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“Generally, by the provision of the Rules of this court, it shall not review any judgment once delivered by its save to correct any clerical mistake or some errors arising from any accidental slip or omission or to vary the judgment or order, so as to give effect to its meaning or intention.
“A judgment or order shall not be varied when it correctly represents what the court decided nor shall the operative and supportive part of it be varied and a different form substituted. (See Order 8 Rule 16 of the Rules of this court).
“The general law is that the court has no power to alter or vary a judgment or order after delivery, except (a) so far as it is necessary to correct errors in expressing the intention of the court or (b) to correct clerical mistakes or some errors arising from accidental slip or omission, that is the slip rule or (c) an order which is a nullity owing to failure to comply with an essential provision, such as the service of process, can be set aside by the court which made the order and (e) a judgment or an order made against a party in default (may also be set aside.).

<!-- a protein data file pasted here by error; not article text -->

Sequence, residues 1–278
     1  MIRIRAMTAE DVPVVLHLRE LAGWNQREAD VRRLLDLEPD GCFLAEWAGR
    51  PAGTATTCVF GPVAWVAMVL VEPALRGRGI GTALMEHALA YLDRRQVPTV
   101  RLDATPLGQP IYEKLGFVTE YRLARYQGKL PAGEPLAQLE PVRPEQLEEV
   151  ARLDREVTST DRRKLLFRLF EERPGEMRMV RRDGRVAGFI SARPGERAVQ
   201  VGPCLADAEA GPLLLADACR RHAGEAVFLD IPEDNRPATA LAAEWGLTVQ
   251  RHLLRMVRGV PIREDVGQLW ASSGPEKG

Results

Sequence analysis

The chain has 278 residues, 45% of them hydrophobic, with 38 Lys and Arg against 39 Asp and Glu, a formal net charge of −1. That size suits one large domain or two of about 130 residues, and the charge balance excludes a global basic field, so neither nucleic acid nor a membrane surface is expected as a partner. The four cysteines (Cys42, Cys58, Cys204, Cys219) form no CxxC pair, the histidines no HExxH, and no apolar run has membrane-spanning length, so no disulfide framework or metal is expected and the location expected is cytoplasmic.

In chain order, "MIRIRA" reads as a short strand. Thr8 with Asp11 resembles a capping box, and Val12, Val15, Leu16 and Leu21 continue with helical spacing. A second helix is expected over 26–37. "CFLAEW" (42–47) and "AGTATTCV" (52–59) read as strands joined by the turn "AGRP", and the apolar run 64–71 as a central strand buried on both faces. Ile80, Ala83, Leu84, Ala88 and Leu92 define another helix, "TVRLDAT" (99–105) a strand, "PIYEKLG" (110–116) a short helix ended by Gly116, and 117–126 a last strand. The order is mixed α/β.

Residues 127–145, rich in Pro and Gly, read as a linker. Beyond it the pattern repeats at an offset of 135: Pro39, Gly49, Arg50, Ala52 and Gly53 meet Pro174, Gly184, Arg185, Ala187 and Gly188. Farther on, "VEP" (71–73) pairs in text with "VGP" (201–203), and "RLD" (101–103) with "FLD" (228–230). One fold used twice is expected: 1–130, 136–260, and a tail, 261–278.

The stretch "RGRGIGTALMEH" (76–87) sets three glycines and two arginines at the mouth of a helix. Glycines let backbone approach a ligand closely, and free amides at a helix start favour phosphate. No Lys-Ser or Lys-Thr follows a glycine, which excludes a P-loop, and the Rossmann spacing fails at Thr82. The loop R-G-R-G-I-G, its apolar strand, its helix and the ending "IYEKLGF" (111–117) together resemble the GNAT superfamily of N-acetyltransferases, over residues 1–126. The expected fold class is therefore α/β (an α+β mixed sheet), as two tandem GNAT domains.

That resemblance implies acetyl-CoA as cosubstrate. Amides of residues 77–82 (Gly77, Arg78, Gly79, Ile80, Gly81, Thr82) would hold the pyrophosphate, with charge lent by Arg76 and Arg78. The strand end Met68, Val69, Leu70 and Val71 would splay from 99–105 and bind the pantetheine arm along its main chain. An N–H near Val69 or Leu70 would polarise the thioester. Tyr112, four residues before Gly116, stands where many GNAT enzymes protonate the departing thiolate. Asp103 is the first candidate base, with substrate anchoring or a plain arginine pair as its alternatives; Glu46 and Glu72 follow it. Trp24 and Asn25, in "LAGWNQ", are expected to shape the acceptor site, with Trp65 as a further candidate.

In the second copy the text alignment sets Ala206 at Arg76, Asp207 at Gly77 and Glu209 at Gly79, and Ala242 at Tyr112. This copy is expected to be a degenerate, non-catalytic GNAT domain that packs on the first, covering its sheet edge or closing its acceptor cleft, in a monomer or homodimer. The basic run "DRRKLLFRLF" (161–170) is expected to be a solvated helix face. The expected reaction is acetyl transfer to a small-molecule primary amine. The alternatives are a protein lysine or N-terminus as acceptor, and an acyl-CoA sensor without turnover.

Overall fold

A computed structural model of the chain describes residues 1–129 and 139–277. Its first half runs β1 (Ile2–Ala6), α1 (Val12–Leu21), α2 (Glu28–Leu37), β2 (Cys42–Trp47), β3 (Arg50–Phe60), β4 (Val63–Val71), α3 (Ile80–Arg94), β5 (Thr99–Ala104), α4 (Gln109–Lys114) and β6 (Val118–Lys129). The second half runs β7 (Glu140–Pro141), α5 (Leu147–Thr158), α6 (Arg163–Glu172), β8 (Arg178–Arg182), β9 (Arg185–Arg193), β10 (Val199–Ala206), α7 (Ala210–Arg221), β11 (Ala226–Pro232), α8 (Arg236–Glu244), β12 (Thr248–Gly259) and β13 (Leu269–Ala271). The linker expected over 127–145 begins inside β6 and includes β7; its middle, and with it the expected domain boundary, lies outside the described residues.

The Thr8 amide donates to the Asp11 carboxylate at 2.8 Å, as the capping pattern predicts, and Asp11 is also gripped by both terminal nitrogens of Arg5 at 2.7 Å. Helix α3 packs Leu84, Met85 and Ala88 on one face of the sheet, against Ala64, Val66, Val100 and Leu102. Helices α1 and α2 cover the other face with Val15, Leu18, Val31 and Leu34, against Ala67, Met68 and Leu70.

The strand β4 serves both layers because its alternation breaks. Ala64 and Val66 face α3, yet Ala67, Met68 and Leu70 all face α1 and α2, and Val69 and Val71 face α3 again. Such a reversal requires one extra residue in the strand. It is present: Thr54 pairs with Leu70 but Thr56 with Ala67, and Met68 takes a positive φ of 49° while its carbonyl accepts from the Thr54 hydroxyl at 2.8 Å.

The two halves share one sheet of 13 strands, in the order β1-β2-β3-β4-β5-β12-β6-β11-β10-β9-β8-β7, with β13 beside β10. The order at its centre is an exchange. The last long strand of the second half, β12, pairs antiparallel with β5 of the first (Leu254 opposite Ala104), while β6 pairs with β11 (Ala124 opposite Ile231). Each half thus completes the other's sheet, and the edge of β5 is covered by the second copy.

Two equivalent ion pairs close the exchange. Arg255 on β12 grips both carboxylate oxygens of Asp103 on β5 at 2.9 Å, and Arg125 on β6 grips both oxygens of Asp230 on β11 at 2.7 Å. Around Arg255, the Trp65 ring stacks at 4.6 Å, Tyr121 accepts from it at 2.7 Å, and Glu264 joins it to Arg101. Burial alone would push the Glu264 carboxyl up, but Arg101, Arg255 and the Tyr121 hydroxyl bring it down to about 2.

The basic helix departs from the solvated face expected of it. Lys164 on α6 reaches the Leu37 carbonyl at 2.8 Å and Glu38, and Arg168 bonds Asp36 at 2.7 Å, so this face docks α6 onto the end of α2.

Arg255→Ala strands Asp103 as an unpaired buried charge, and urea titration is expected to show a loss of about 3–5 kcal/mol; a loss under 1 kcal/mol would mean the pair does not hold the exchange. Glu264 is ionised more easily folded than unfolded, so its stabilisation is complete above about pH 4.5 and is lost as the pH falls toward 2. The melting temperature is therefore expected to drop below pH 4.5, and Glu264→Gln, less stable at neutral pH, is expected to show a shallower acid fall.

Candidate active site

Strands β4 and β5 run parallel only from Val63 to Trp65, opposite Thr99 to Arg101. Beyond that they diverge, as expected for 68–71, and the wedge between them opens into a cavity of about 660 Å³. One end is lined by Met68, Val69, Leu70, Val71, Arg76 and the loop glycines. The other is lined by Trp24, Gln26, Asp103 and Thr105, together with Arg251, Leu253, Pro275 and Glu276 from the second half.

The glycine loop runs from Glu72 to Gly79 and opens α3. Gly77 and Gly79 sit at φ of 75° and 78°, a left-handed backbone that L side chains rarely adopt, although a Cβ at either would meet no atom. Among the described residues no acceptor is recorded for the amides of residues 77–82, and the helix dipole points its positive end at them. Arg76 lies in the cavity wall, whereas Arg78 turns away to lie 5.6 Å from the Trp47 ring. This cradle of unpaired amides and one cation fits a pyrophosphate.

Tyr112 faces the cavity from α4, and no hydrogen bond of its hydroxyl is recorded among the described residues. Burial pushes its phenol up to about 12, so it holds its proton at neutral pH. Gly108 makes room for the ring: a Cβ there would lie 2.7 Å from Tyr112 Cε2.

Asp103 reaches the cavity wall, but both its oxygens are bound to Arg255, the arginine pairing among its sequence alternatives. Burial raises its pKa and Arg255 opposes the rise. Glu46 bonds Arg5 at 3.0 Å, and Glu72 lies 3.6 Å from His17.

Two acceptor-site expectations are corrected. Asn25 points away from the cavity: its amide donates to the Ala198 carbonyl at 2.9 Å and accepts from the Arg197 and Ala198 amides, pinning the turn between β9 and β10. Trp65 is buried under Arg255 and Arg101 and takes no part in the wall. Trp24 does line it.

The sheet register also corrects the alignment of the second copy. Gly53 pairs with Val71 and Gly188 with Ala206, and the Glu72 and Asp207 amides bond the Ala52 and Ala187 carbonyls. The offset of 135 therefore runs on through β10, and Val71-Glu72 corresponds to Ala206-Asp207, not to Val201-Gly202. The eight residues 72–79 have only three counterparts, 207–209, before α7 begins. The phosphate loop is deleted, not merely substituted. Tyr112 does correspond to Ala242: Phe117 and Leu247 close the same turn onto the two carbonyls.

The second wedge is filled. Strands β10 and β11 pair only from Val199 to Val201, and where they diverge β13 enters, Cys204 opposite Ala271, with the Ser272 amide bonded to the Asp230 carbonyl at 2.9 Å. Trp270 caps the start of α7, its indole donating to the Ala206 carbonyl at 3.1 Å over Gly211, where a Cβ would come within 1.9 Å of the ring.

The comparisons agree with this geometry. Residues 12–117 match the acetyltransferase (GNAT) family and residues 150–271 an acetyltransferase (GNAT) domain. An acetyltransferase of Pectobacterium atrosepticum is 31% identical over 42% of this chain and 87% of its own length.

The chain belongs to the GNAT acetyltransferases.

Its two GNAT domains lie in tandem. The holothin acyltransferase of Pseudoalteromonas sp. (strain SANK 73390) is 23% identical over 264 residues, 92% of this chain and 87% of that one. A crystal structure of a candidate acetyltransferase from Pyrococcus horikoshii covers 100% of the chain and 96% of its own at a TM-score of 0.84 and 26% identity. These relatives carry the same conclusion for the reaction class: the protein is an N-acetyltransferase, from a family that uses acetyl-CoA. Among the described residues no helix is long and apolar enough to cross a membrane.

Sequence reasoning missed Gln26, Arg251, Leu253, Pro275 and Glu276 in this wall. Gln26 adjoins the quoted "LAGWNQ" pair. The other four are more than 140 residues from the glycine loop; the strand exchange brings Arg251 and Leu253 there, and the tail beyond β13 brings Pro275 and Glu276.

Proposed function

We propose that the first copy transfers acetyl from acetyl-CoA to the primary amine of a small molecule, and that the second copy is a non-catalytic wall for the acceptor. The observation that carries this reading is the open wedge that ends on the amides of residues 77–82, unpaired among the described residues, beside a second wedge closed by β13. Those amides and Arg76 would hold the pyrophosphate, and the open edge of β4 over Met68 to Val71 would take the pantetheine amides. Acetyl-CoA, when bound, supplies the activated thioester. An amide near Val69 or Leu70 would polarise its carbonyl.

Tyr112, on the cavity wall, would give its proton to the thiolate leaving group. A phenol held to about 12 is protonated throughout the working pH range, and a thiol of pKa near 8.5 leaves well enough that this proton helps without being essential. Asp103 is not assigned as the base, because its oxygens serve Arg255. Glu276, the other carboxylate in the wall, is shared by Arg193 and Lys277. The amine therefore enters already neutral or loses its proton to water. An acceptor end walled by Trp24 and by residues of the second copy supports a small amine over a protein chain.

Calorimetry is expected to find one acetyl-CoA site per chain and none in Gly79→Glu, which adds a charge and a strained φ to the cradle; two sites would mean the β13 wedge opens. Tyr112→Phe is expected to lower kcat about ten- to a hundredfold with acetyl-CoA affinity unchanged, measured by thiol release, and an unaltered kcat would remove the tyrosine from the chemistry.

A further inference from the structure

“It is settled law that this court has no power to change or alter its own judgment or sit as an Appeal Court over its own judgment.
“There is no doubt that the court has inherent powers in respect of matters within its jurisdiction. It certainly has no inherent power to assume jurisdiction in respect of the matter not within its jurisdiction.
“It is clear from the tone and the wording of the instant application that what is being sought is asking the court to sit over its own judgment already delivered and executed. That is certainly beyond the competence of this court.”